A response to the article written by Egbert T. Bush on August 7, 1930 entitled
“Buchanan’s, A Tavern With A Long History”
Never, never assume. That’s a lesson I have just learned again. When I began looking into the history of Buchanan’s Tavern, I was operating on the assumption that the original 18th century tavern was the old stone house at the top of the hill on Route 579, just north of the intersection of County Routes 523 and 579. And the newer Buchanan’s was the old house on the northeast corner of the intersection, now owned by the Micek family. Turns out, I was wrong, but now I know why. And I’ve gotten a chance to write about one of my favorite early settlers, Daniel Robins. Here is the tale:
The first home in the vicinity of what became known as Buchanan’s Hill was the stone building at the northwest corner of the intersection of the Malayaleck Path, also known as the Trenton-Easton Turnpike (Route 579), and the road from Howell’s Ferry to Flemington (Route 523). Originally, the turnpike road ran up the hill at an angle that began in front of the Micek house.1 That route took the traveler up the steep hill where the old house sat at the top. (The old route can still be seen as a surviving driveway.) According to the datestone over the door, the stone house at the top of the hill was built in 1725. There is a third house at this location, which is prominent as you approach the intersection, driving north on Route 579. The house sits on the west side of Route 523, facing the intersection, with a lovely wide porch.
Other names for this area were “Buchanan’s” or even “Buchanansville.” In deeds and other records pertaining to this vicinity, references to Buchanan’s Tavern are very common. It served as a significant landmark for travelers. Those old travelers are gone, so they cannot tell me which of the three Raritan Township houses served as the tavern: the old stone house (on Block 60 lot 40), the frame house that faces the valley (Block 60 lot 34), or the Micek house on the corner (Block 63 lot 71).
The old stone house was especially noteworthy for its remarkable view. Jonathan M. Hoppock wrote:
“From this elevation the eye has a view of the Raritan valley as far east as Bound Brook. Also from this point a view can be had of the Sourland Mountain range from the Delaware on the west, extending through the counties of Hunterdon and Somerset, presenting to the view a greater scope ofcountry than can probably be seen from any other point in the county.”2
At some point, the route up the hill was moved over a little to the south. I’ve often wondered why the new route was preferable to the old one. The Indians wisely climbed the hill at a slant rather than straight up as the new route seems to do. But a closer look at the old route makes it clear that it was too narrow to allow for the truck and car traffic that uses the county road, being wedged in between a small cliff and the old house. In any case, it left the old stone house set back from the road, and today it is barely visible on the right as you climb the steep hill.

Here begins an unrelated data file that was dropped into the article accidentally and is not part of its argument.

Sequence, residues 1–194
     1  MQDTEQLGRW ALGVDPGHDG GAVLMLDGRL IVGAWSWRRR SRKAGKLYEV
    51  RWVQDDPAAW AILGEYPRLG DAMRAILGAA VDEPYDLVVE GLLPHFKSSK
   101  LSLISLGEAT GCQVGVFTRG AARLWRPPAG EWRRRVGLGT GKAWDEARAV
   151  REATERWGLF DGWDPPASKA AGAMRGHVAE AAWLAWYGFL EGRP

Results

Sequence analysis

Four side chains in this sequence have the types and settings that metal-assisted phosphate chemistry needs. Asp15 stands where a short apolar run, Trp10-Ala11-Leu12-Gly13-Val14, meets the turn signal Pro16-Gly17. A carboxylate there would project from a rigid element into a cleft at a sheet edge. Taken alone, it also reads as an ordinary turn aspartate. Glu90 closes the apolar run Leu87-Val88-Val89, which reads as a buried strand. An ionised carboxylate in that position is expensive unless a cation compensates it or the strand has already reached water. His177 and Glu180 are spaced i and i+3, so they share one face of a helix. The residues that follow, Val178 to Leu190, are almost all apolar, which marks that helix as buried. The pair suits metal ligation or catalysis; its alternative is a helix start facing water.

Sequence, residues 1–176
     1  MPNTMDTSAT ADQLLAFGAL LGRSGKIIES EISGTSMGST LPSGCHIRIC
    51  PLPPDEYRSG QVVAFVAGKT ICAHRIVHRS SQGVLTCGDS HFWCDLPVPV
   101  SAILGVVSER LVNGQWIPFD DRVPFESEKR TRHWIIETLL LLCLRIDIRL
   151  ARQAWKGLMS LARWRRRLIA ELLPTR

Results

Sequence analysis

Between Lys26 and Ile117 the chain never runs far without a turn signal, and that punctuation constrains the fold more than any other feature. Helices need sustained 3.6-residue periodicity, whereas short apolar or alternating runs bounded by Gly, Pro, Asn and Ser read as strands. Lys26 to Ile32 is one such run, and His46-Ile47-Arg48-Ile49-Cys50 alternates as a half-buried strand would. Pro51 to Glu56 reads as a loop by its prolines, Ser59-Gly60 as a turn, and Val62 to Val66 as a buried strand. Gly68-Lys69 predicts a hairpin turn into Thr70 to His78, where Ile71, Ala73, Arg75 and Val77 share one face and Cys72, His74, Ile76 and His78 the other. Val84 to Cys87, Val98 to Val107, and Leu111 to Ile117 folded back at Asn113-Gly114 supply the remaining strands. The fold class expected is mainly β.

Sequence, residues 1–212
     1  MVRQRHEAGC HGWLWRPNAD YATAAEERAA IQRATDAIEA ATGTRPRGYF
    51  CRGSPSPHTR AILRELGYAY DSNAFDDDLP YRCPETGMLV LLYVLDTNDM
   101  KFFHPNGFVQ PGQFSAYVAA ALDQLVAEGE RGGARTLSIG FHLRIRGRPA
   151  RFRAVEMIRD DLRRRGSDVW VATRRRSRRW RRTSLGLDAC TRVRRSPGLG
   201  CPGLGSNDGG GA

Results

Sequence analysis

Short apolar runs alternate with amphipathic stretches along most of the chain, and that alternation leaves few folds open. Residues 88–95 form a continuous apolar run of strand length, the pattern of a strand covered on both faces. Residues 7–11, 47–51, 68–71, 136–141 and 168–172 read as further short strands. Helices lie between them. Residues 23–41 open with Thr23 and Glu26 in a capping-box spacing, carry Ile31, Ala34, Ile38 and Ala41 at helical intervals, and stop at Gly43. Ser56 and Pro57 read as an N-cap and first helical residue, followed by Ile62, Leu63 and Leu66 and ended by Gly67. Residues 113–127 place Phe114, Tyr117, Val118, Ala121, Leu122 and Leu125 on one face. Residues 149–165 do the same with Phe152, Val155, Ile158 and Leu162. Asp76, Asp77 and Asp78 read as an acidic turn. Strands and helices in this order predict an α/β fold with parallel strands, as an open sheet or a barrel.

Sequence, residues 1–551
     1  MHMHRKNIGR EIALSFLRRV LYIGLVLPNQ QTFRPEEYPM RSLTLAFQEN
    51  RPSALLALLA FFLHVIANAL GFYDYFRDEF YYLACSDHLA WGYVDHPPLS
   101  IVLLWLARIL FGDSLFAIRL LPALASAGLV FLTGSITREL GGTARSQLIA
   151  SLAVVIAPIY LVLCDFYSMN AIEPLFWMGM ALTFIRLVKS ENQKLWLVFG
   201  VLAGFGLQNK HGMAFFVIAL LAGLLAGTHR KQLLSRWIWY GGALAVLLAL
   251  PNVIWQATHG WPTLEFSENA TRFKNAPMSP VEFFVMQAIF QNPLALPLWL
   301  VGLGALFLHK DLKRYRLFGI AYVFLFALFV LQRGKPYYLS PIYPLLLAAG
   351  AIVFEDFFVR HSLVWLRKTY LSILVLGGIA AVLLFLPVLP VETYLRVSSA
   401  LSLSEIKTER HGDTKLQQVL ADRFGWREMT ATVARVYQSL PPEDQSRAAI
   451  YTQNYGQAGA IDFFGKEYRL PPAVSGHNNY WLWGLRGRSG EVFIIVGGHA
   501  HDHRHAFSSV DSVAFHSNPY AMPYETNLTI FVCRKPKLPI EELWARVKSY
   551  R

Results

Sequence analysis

As for my misunderstanding about the original Buchanan’s Tavern, I suspect I was partly misled by reading too much into the article by Jonathan M. Hoppock, in which he claims that Gen. Washington and part of his army made the stone house at the top of the hill their temporary headquarters in July 1777. Regrettably, Hoppock did not say (and probably did not know) who owned the place in 1777. Knowing that “Buchanan’s Tavern” was in existence as early as 1775, I assumed that this was the house. But more diligent research has proved me wrong.
Here is the photograph that accompanied Mr. Hoppock’s article, claiming it served as Washington’s headquarters. The picture can also be seen in the 1914 Hunterdon-Somerset Farmers & Businessmen’s Directory.
Many thanks to Carl MacDonald for sending me such a good copy of the picture.
In his article on Buchanan’s Tavern, E. T. Bush described the property now owned by the Miceks as the tavern lot. He said nothing about the old stone house or the handsome house that overlooks the valley and faces travelers on Route 579, which seems an ideal location for a tavern. To straighten this out, I had to go back to the beginning of European settlement.
Surveys to the first English owners of land in this neighborhood were made around 1711/1712. One of the biggest tracts of land was surveyed to John Haddon of England. He was a properous man who purchased shares in West New Jersey. He became entitled to large acreage after 250,000 acres in Hunterdon County had been purchased from the Indians. This was the Lotting Purchase of 1703 and the Morris Purchase of 1709. The Proprietors announced dividends to shareholders of 5000 acres per share.
Before he even had his property surveyed, John Haddon, by his attorney (and son-in-law) John Estaugh, conveyed to Daniel Robins Jr. of Freehold, Monmouth County, 700 acres of unsurveyed land in Amwell Township, Hunterdon County. This transaction took place on November 19, 1709, and Robins paid only £35 for all that land. In 1722, Daniel Robins had 700 acres surveyed west and south of Sergeantsville. Records do not tell us if these were the rights that Robins had purchased from John Haddon, but they might have been. (Haddon received a warrant for his own survey on March 19, 1711 for 2000 acres.) In 1724 Robins had his 700 acres resurveyed, giving him a total of 707 acres.3